Ahead of the Film, Here’s How the Murder on the Orient Express Book Ends
Warning: major book spoilers ahead.
Gone Girl who? The Girl on the Train what? Before Gillian Flynn and Paula Hawkins topped the bestseller list with their modern mysteries, there was Agatha Christie. Having sold billions of books in more than 100 different languages, only Shakespeare and the Bible have generated more revenue in sales. Among the plethora of titles written by Christie, the Murder on the Orient Express is perhaps one of her most recognizable titles. The story itself is so revered and unique, it's been adapted multiple times: in addition to a radio show, there was a 1974 film, a 2001 made-for-TV movie, and even a 2006 computer game. Now, with yet another adaptation set for a release in November 2017, the 1934 novel is in our sights again, more than 80 years later. But what exactly happens in the pages of the original book? We'll lay it all out just for you.
On a cold Winter's night in December, the Simplon-Orient-Express is unusually crowded. In a time of year when the train would mostly be empty, every single compartment has been spoken for. Among the guests is Detective Hercule Poirot, a character who appears in nearly 50 Agatha Christie novels. The train goes along its usual route as planned, but sometime after midnight on its second night, it hits an unexpected snowdrift. The group of strangers is stranded until further notice . . . and one of them is dead.
A passenger named Samuel Edward Ratchett has been murdered sometime between the hours of midnight and 2 a.m. He has been stabbed 12 times. Strangely, the wounds are remarkably inconsistent, making it appear as though there are two different murderers. There are clues on the scene: a burnt letter (almost entirely destroyed), a pipe cleaner, and handkerchief embroidered with the letter "H." Ratchett's watch has been smashed, and the time is stopped at 1:15 a.m., seeming to suggest the time of the murder.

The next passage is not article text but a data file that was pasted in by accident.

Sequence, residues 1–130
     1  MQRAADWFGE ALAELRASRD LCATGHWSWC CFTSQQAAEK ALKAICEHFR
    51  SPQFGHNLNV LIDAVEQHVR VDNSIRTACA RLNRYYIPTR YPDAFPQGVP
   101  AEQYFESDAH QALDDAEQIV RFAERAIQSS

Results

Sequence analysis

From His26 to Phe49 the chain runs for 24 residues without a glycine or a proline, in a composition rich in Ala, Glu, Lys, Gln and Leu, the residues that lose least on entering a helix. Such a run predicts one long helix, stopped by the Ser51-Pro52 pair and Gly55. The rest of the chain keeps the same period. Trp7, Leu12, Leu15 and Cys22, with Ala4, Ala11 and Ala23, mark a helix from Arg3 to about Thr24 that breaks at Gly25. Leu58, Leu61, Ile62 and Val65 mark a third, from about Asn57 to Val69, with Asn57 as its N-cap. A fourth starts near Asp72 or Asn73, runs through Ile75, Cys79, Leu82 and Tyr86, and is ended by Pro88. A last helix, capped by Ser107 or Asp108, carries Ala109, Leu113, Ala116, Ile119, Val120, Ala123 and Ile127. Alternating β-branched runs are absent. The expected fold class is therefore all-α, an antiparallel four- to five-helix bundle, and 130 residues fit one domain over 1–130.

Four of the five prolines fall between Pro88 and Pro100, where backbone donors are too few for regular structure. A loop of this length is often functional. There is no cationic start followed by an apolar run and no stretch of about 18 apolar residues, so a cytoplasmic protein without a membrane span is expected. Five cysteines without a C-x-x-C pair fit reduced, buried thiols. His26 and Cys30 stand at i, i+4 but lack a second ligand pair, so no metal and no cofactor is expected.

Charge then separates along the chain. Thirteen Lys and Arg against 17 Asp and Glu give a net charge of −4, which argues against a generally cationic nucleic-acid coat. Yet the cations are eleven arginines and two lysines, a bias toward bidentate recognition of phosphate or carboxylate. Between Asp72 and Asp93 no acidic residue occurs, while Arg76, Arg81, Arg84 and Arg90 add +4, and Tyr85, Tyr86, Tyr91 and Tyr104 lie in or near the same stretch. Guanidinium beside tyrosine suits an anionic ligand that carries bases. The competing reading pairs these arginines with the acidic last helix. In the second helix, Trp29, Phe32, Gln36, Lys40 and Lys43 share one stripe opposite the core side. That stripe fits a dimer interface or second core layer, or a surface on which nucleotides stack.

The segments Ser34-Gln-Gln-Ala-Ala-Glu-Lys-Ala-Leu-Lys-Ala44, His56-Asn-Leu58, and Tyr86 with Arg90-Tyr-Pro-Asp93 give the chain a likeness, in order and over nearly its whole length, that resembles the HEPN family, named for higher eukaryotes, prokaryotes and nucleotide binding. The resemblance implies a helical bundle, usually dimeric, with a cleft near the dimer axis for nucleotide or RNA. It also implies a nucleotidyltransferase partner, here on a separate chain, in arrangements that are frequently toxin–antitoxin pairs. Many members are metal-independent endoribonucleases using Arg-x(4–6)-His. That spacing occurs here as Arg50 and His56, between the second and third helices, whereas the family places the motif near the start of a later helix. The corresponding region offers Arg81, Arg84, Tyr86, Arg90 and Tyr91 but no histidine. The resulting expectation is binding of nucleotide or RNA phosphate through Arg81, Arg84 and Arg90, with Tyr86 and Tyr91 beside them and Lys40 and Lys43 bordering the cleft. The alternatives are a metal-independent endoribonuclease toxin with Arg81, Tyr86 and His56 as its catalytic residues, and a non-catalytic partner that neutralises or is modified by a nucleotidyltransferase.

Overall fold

There are 12 possible passengers who could have done the deed, 13 if you count the conductor:
- Colonel Arbuthnot: A British man who formerly served in the military.
- Hector MacQueen: Secretary to Ratchett, American.
- Edward Masterson: The valet of Mr. Ratchett, also a Brit.
- Mrs. Hubbard: An American woman traveling by herself.
- Greta Ohlsson: A Swedish woman with a nervous disposition.
- Princess Dragomiroff: A rich, cosmopolitan royal of Russian descent.
- Count Andrenyi: A diplomat traveling from Hungary.
- Countess Andrenyi: The wife of Count Andrenyi.
- Cyrus Hardman: An undercover American detective.
- Antonio Foscarelli: An Italian business owner who lives in America.
- Mary Debenham: A British governess.
- Hildegarde Schmidt: A German mistress who serves Princess Dragomiroff.
- Pierre Michel: The French conductor of the Orient Express.
Obviously, we omitted a lot of the evidence and circumstances of the crime. So, really, you couldn't hope to figure out the mystery just from these facts alone. But even if you did have all the information, the final twist is still shocking.
First of all, it's crucial to note why Ratchett gets murdered. The deceased had actually assumed a false identity; his real name was Cassetti. This man, we learn, was previously involved in a high-profile kidnapping case: he was the leader of a gang that had abducted a 3-year-old girl by the name of Daisy Armstrong. Although he demanded a hefty ransom, and although the ransom was paid, the little girl was found dead. In the wake of her death, more tragedy struck. Mrs. Armstrong was pregnant again, but gave birth to a stillborn baby and also died herself. Mr. Armstrong, overcome with grief, shot himself. Even the family's nursemaid, fearing that she would be the prime suspect, threw herself out the window. Cassetti was arrested months later, but due to corruption in the legal system and his amassed amounts of wealth, he was acquitted of the crime.
Detective Poirot learns early on that the murderer must somehow be connected to the case. The shocking revelation, though, is that all 12 passengers are somehow entangled, in one way or another, with the Armstrong family. All of them conspired together to plan the crime on this night, during this train ride. Each of the 12 delivered one of the fatal stab wounds that caused Cassetti's death. In the end, Poirot decides (with the help of a colleague) that justice has been served. He offers another explanation that will exonerate all the passengers and put the case to rest.